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On my grammar book, it says: When the verb in the main clause is in the past or past perfect tense, the verb in the subordinate cluase must also be past or past perfect. Here is the example: The researchers discovered that people varied widely in their knowledge of public events. the first verb in its past form is in the main clause, and the second verb is in the subordinate clause. If i want to say a sentence: I was going to say that when I went(go)? to school every day, ……. Here should i say 'go to school' or 'went to school'? because i mean i go to school every day, which is present tense, but since i used past tense in the main clause, so what can i do?

But the contradicted thing is on my book, it also says that the tenses need no be identical as long as they reflect changes in actual or relative time. Here is the example: Ramon's father arrived in the USA thirty years ago, and now Ramon has decided that he will return to his father's homeland. If according to what i first said that past vs. past, then 'has decided' is in the present perfect form which is not right? and 'will return' in this example should be converted to 'would return' because of the past tense in the main clause 'arrived'. but since it said tenses needed not to be identical, so it's in future tense.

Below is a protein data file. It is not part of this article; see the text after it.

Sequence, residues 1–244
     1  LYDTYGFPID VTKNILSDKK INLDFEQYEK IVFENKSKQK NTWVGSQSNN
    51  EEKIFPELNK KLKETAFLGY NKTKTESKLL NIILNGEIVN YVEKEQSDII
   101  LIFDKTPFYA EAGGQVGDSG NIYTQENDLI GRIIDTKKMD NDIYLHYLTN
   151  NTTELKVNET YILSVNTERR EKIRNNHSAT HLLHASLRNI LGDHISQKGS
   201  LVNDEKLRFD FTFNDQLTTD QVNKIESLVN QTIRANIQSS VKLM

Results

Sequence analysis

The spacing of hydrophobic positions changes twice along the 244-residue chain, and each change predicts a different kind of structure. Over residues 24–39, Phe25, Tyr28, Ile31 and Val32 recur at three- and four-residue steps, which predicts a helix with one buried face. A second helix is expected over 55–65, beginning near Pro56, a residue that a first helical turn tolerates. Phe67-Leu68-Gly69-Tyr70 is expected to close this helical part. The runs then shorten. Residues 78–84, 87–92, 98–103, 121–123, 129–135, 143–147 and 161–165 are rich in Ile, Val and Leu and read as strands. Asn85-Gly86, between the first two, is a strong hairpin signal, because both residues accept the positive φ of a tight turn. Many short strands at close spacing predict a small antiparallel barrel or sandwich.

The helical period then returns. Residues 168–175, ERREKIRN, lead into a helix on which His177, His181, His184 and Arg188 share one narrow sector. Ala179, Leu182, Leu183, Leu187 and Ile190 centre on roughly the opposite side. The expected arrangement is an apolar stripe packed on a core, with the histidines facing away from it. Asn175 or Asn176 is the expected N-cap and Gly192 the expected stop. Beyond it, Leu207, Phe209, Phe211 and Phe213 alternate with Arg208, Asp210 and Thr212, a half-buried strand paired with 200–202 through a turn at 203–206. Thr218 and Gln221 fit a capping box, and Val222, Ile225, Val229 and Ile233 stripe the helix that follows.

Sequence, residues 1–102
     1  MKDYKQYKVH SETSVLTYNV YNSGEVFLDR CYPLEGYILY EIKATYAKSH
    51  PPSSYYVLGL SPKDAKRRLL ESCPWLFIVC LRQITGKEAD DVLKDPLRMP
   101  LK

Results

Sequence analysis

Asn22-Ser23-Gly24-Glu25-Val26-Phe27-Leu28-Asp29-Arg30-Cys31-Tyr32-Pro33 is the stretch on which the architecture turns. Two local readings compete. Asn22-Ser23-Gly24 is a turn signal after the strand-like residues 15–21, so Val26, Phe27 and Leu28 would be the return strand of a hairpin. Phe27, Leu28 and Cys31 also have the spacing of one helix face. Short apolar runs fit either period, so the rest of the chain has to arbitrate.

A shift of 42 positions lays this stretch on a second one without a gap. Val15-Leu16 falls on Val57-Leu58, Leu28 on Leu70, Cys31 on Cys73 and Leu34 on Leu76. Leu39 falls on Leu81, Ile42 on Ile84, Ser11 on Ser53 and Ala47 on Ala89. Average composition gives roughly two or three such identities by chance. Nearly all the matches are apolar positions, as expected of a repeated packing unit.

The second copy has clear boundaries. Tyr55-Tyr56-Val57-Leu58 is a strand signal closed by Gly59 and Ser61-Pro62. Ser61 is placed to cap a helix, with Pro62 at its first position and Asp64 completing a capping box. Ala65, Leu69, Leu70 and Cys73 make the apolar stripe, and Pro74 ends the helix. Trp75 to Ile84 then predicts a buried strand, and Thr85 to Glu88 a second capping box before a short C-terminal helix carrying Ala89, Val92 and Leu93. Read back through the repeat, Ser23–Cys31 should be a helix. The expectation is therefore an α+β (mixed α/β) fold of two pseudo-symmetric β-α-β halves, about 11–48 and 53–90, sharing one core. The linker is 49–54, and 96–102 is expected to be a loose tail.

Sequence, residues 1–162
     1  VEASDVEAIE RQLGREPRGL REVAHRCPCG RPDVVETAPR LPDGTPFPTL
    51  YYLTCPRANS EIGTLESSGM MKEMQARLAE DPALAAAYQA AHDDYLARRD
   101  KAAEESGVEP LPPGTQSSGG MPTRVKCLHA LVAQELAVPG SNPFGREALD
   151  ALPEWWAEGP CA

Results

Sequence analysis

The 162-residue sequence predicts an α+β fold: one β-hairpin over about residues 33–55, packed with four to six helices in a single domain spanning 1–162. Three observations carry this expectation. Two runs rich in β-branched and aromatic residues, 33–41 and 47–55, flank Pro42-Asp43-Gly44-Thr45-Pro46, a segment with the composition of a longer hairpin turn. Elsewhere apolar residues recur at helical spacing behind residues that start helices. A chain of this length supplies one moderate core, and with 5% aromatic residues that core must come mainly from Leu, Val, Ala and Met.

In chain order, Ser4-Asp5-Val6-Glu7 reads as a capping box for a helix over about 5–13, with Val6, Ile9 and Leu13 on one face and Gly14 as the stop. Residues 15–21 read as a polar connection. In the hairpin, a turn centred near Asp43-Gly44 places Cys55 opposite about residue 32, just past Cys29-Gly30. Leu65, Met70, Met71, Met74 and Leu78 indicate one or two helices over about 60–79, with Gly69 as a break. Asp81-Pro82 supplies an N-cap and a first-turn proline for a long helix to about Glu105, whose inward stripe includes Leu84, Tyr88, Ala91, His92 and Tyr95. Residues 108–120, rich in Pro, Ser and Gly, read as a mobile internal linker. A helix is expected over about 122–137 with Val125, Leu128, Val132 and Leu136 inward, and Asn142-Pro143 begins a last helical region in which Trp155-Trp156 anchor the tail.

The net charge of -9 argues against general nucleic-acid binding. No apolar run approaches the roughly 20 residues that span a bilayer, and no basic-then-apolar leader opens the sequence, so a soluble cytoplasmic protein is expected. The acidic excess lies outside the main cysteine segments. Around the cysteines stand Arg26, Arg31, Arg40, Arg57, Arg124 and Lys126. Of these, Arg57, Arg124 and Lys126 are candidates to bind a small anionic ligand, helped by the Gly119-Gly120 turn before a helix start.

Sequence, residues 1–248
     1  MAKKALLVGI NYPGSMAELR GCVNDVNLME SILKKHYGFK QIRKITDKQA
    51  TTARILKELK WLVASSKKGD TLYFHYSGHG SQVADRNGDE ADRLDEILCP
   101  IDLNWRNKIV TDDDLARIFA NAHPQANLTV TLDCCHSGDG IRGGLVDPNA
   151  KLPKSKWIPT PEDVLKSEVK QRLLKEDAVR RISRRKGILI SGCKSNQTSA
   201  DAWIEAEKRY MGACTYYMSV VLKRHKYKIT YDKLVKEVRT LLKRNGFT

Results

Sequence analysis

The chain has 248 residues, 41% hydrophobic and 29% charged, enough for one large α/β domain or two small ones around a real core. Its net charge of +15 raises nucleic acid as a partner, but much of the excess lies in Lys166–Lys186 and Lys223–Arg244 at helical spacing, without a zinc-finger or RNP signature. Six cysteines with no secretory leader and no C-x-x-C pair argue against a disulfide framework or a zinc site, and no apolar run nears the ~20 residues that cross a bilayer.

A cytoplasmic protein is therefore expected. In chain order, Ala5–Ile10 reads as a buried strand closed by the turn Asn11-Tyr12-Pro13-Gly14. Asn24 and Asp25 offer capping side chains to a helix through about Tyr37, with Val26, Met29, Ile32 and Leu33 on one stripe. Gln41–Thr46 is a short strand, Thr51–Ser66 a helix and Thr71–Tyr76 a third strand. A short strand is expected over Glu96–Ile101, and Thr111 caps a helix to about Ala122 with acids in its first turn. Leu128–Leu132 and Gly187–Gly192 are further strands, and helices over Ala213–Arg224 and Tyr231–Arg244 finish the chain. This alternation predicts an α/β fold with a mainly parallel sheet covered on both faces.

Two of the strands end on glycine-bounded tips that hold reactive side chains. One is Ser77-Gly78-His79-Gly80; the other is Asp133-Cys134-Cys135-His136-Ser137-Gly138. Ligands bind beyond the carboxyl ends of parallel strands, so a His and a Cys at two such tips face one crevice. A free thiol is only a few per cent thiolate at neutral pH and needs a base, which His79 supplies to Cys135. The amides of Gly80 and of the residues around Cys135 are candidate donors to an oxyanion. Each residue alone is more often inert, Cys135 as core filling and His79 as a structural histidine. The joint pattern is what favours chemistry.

I was deeply confused about these two. Which is right? Past Vs past or as long as they reflect changes in relative time, it's okay>? Hope you can patiently read through my problem and help me out. thank you.
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Comments  (Page 2) 
You should use the past viewpoint (PV2) tenses after thought and knew.

I thought you went to school every day.
I knew you went to school every day.


every day doesn't change the point of view because it can mean every day in the present or every day in the past. You don't have to use adverbs to change the point of view. It's just that they are often found when a writer wants to make it more clear that he is changing the point of view.